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bainsey Sun Jan 10, 2016 12:19am

Spin move
 
Second quarter. A-1 dribbles near the division line, guarded by B-2. Instead of driving past B-2, A-1 attempts this spin move: gather while pivoting on pivot foot, pivots on non-pivot foot, pass. Partner calls the travel.

Coach A, who has been chirping much of the first half, loudly objects, "IT'S A SPIN MOVE!!!," as if that allows the change of the pivot foot. He continues with, "This game is too fast for you!" (It's a freshmen boys' game.) Partner T's up Coach A.

While NFHS 4-44 doesn't specifically say, "you can't pivot on a non-pivot foot," I fail to see how people miss this point. The limits are clear. Is it the belief of some that, as long as the pivot foot doesn't come down, you can do what you want with the other foot? Or what else may be misleading people?

packersowner Sun Jan 10, 2016 12:44am

Quote:

Originally Posted by bainsey (Post 975945)
Second quarter. A-1 dribbles near the division line, guarded by B-2. Instead of driving past B-2, A-1 attempts this spin move: gather while pivoting on pivot foot, pivots on non-pivot foot, pass. Partner calls the travel.

Coach A, who has been chirping much of the first half, loudly objects, "IT'S A SPIN MOVE!!!," as if that allows the change of the pivot foot. He continues with, "This game is too fast for you!" (It's a freshmen boys' game.) Partner T's up Coach A.

While NFHS 4-44 doesn't specifically say, "you can't pivot on a non-pivot foot," I fail to see how people miss this point. The limits are clear. Is it the belief of some that, as long as the pivot foot doesn't come down, you can do what you want with the other foot? Or what else may be misleading people?

I am confused on what you are trying to say. You can do a lot of things when you lift your pivot.....is that your point?

MechanicGuy Sun Jan 10, 2016 12:48am

Quote:

Originally Posted by bainsey (Post 975945)
Second quarter. A-1 dribbles near the division line, guarded by B-2. Instead of driving past B-2, A-1 attempts this spin move: gather while pivoting on pivot foot, pivots on non-pivot foot, pass. Partner calls the travel.

Coach A, who has been chirping much of the first half, loudly objects, "IT'S A SPIN MOVE!!!," as if that allows the change of the pivot foot. He continues with, "This game is too fast for you!" (It's a freshmen boys' game.) Partner T's up Coach A.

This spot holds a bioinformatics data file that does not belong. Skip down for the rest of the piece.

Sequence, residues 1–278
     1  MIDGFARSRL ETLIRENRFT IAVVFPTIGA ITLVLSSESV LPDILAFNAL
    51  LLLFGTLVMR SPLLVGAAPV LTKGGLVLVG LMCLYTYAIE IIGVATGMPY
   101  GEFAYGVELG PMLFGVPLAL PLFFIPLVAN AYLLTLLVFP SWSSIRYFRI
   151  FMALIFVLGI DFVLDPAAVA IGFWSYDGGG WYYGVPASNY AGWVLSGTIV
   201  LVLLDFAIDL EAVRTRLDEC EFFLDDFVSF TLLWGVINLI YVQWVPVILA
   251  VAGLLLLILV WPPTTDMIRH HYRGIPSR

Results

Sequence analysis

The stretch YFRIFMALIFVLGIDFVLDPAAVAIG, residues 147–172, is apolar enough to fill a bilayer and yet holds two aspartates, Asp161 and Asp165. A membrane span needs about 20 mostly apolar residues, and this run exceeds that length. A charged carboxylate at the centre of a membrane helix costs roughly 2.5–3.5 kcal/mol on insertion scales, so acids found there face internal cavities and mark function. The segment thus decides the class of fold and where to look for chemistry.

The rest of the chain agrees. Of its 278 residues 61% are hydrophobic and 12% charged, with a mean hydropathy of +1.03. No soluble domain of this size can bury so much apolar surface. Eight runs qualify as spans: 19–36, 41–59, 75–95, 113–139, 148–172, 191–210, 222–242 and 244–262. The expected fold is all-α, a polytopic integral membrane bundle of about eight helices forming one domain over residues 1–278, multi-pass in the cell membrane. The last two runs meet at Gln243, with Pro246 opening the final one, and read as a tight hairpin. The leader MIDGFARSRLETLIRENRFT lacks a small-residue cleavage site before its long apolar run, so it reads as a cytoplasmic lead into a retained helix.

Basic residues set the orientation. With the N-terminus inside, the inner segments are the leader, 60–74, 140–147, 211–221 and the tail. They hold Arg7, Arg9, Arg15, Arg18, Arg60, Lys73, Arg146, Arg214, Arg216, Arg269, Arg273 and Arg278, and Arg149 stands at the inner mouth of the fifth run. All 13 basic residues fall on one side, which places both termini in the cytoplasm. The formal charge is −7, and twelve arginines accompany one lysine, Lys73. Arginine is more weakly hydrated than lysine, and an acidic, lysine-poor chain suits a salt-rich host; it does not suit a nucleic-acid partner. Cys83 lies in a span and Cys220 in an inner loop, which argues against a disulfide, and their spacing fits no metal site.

While NFHS 4-44 doesn't specifically say, "you can't pivot on a non-pivot foot," I fail to see how people miss this point. The limits are clear. Is it the belief of some that, as long as the pivot foot doesn't come down, you can do what you want with the other foot? Or what else may be misleading people?

Assuming the lifting of the pivot foot isn't followed by a dribble, you can do whatever you want with it

Assuming you accurately described the play, I'm thinking the call was missed.

JetMetFan Sun Jan 10, 2016 12:54am

Maybe I'm missing something but the way this is described (remove the spin part of things): the dribble ended with the pivot foot on the floor, the other foot came down, the pivot foot was lifted but never came down again...that's legal.

As to this comment...

Quote:

While NFHS 4-44 doesn't specifically say, "you can't pivot on a non-pivot foot,"
...if the rule book doesn't say a player can't do it, why can't they?

bainsey Sun Jan 10, 2016 12:55am

Quote:

Originally Posted by packersowner (Post 975950)
I am confused on what you are trying to say. You can do a lot of things when you lift your pivot.....is that your point?

Okay, to be more clear, why do people think you can pivot on a non-pivot foot?

MechanicGuy Sun Jan 10, 2016 01:00am

Quote:

Originally Posted by bainsey (Post 975955)
Okay, to be more clear, why do people think you can pivot on a non-pivot foot?

Because you can?

It sounds like you need to separate the term "pivot foot" and the act of "pivoting" in your own mind. They aren't necessarily related.

Camron Rust Sun Jan 10, 2016 01:45am

I've seen many officials think it is a pivot to lift a foot and swing it around before it touches. As a result, I hear calls for travels and see a few officials call travels when it is not (yet). It isn't a pivot until the lifted foot touches again.